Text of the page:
• Richard's frequent references to The Vietnam War, and pop culture related to it such as Apocalypse Now and M*A*S*H, are absent in the movie, although he does look in on a theater showing a piece of Apocalypse Now in Thailand towards the beginning. It is a part of the famous Napalm Bombing scene. note 
  • Adaptation Relationship Overhaul: In the book, Richard never sleeps with Françoise despite having feelings for her, which he thinks are reciprocated, saying that he considers Étienne a good guy and would not want to do that to him. He also never sleeps with Sal
  • Adapted Out: Ella (who works for Unhygienix), Jean (the leader of the gardening detail), Cassie (who works for Bugs), Jesse (who works in the gardening detail), Moshe (the head of the second fishing detail), and the two unnamed Yugoslavian girls (who work for Moshe) do not appear in the film.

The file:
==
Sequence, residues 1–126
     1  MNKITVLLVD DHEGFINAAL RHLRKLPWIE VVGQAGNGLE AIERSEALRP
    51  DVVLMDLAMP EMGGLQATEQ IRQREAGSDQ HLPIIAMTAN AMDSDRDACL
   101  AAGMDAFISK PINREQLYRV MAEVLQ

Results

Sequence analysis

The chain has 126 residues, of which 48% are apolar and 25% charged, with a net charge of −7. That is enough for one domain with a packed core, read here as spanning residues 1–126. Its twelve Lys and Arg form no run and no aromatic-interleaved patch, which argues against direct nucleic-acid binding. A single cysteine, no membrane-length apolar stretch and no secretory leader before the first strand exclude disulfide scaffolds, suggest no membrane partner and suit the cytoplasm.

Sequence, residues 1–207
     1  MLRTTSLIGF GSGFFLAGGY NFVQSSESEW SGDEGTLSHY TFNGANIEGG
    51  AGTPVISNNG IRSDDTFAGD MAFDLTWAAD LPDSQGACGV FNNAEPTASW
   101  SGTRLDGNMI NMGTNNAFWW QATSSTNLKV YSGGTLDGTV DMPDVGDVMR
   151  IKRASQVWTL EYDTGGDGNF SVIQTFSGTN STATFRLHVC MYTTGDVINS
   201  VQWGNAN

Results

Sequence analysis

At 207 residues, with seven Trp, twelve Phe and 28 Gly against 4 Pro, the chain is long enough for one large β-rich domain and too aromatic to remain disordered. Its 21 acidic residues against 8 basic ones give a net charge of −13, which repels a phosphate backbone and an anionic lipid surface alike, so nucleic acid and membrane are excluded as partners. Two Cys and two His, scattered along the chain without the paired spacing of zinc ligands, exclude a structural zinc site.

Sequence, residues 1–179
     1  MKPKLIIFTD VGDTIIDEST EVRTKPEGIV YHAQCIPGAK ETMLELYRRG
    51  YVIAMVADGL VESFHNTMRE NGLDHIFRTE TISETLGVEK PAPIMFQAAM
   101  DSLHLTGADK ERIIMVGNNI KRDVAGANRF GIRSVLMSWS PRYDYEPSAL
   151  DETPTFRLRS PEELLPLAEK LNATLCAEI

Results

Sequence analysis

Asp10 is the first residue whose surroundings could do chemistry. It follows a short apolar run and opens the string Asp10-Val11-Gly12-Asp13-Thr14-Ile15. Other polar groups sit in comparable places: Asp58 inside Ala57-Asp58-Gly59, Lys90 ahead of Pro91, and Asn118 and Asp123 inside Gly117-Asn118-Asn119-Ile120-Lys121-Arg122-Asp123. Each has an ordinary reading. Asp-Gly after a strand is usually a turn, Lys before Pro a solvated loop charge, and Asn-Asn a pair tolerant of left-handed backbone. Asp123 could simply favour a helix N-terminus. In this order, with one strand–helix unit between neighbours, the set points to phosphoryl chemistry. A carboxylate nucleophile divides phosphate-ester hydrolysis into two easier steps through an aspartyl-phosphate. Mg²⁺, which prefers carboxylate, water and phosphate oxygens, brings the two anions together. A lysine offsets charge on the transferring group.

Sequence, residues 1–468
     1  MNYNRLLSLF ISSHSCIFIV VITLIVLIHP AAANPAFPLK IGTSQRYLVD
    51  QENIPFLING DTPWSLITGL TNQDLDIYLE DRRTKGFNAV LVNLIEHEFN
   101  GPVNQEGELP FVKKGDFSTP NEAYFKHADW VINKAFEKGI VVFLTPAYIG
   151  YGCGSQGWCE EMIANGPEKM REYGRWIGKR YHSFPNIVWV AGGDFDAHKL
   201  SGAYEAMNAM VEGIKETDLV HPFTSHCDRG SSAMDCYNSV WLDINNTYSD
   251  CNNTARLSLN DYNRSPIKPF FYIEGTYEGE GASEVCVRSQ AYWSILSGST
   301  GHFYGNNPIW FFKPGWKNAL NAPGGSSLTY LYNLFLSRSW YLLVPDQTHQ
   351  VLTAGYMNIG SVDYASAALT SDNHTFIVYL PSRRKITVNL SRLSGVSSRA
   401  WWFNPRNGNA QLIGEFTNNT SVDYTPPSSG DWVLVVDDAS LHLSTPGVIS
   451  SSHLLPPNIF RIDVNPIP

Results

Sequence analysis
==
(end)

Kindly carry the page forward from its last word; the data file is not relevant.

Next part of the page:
• Call-Back: Two that come back at the very end. Richard's speech about a parallel universe and Françoise's photo of everyone on the beach. At the end she e-mails him the photo with the caption "Parallel Universe" on it.
  • Decomposite Character: Jed is dropped for the film but much of his role remains, going to Etienne, Keaty and Sal.
  • Double Standard: Francoise slaps Richard and calls him a pig after finding out he cheated on her and slept with Sal. Funny considering she did more or less the exact same thing by cheating on Étienne with Richard, and no one (not even Richard!) calls her out on her hypocrisy.